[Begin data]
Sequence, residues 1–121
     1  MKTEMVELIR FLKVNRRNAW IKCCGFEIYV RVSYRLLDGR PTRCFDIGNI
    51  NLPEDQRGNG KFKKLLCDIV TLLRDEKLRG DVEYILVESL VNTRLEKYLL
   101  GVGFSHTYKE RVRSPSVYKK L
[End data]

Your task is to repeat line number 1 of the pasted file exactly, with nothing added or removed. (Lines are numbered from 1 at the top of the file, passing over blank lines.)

Sequence, residues 1–121